In the capital of Yucatan, Mexico, approximately seventy-five miles east of the town of Merida, lies the ancient Mayan city of Itza, often referred to as the Sacred City of Chichen-Itza (chee-chehn eet-sah). One of the many Mayan ruins, archaelogocially speaking, it has often been deemed the most important of the Mayan culture and is believed to have been one of the largest ancient Mayan cities in the north-central region of the Yucatan. Today, the whole area of Chichen Itza is less than 15.5 square kilometeres (about 6 sq. miles). At one time, the site was believed to have included hundreds of buildings, covering an area between four and six times the size it is now.

Today, many small mounds of rubble can be spotted where dwellings and smaller buildings, many made of wood, once stood. The buildings that have survived and are still intact today – about thirty structures in all – were all constructed of quarried stone. This complex is visited by thousands of tourists annually, many taking day trips from the nearby cities of Merida and Cancun, and is believed to be second only to the great pyramids of Egpyt. To be expected, tourism is on the rise by as much as 75% over the last ten years, and is expected to double as we approach the year 2012. Unfortunately, the federal government, which now manages the site, has been forced to prevent anyone from climbing the stone structures, especially the Pyramid of Kukulkan, as the stone steps have begun to show visible signs of wear due to the increase in traffic.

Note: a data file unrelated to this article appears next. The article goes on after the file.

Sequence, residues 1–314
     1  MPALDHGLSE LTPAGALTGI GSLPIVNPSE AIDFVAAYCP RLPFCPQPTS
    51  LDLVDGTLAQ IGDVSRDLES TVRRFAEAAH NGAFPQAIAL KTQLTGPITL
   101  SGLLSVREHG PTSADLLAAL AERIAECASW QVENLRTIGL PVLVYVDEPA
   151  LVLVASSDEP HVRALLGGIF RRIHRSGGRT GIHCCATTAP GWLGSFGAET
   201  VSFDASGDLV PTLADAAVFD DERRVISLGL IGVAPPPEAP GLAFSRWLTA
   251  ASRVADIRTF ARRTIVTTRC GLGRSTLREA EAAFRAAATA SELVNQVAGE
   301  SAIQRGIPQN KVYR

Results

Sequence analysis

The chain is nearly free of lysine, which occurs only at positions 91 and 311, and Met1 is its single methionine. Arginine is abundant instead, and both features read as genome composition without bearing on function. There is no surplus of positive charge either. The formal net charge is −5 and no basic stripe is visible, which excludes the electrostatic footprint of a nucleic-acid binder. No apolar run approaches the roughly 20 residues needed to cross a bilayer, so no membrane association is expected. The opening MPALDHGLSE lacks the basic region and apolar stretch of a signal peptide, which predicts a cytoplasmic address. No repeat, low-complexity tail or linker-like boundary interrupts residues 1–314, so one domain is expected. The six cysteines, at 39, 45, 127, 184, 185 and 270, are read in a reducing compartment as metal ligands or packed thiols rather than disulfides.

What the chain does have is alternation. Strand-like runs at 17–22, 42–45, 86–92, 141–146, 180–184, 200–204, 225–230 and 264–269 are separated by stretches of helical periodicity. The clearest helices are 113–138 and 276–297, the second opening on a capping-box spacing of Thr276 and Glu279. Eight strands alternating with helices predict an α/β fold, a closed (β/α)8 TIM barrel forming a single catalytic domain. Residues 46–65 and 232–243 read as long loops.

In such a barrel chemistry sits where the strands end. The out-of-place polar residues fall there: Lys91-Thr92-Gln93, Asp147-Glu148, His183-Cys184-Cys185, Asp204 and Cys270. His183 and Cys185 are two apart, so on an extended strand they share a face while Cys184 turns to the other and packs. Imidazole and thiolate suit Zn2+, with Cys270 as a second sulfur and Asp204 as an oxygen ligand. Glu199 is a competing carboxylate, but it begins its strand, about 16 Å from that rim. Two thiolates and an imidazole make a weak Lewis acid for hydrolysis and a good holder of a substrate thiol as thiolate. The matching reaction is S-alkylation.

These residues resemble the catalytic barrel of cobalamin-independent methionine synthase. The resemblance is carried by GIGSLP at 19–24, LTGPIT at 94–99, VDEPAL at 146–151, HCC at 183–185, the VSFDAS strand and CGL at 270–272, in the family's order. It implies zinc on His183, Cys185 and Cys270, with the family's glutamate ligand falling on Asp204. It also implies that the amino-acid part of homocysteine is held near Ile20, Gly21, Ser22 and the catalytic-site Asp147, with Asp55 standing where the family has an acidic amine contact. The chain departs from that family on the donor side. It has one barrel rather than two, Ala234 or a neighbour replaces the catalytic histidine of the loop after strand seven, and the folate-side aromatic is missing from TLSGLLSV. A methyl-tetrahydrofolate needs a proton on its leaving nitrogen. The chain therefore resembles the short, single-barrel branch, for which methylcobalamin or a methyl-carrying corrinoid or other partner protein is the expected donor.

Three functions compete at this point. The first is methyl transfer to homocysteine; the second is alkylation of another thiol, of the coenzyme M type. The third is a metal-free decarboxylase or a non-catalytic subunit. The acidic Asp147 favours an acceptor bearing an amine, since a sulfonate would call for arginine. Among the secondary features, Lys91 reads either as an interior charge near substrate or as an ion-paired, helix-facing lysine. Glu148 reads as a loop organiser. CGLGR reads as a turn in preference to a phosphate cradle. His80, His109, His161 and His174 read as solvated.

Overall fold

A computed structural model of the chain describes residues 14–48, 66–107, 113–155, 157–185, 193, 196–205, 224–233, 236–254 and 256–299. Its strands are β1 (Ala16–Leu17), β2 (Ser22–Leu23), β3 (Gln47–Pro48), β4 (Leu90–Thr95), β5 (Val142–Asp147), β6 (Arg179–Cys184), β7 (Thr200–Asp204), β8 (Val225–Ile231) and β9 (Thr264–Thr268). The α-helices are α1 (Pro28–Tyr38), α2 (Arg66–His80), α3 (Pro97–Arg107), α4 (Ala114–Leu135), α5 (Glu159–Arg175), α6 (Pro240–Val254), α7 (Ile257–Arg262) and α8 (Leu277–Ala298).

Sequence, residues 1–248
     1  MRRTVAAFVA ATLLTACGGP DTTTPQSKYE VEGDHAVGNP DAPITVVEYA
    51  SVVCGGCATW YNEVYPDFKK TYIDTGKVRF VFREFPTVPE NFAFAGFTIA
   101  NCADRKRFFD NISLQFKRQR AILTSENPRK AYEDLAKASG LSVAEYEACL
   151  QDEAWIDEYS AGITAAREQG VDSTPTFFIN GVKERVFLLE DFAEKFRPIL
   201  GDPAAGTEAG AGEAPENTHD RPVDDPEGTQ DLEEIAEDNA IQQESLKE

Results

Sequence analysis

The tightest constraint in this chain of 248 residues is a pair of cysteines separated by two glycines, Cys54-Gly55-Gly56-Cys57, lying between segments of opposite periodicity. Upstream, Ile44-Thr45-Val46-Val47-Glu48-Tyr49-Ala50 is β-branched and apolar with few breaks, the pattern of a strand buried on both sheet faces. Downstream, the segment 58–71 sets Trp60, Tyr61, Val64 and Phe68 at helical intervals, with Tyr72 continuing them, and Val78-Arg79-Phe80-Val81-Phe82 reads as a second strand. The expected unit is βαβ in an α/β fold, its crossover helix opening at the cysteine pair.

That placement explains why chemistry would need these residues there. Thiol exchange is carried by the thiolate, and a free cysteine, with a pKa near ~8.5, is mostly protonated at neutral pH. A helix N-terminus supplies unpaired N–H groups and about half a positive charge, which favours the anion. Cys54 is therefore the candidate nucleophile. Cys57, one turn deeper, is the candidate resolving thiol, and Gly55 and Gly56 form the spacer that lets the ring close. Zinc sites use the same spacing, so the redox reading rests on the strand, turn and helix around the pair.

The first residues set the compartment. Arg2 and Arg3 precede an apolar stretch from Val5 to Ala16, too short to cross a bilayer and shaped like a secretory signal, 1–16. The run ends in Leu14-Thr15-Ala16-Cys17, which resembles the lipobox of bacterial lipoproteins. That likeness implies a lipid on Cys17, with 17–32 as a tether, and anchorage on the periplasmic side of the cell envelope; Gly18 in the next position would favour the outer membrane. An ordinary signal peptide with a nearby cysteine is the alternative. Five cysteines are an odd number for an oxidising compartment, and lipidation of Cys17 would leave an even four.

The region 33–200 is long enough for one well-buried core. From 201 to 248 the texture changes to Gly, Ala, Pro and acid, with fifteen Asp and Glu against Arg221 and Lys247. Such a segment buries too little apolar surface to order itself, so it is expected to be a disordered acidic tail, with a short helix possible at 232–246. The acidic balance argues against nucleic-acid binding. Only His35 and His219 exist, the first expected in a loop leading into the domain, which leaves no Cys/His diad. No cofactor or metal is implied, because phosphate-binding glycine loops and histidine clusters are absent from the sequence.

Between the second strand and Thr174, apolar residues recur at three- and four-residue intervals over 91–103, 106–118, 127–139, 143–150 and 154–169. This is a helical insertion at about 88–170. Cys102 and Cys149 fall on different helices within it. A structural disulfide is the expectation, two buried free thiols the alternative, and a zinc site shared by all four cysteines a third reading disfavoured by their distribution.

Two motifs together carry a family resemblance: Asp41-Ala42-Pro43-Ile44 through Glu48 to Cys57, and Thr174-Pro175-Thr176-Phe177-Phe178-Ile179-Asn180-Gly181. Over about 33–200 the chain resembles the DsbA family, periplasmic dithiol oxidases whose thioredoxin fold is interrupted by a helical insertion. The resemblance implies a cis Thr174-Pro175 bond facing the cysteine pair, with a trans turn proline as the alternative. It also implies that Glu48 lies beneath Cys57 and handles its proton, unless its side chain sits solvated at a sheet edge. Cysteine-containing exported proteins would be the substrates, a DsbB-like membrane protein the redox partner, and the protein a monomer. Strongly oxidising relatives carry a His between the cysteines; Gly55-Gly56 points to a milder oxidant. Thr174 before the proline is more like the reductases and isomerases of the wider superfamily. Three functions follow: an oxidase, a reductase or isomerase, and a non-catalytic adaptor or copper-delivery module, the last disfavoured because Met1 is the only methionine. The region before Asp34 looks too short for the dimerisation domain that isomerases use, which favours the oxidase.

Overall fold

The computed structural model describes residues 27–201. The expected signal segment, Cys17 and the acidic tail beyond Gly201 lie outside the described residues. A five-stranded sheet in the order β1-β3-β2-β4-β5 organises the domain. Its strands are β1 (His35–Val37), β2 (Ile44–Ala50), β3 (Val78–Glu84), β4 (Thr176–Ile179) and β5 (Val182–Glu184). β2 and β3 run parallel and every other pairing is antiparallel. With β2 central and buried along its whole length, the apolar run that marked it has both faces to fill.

Why did all the ancient astronomers have a constant need to know where they were in relation to the Great Year? They considered it to be an absolute necessity because this information was related to even larger cosmic cycles, and the events that went along with them. Did their very existence depend upon it? Recent findings at Chichen-Itza suggest that this was definitely the reason. They were, after all, thought to be farmers and spring and autumn equinox would have been important to the Mayan culture.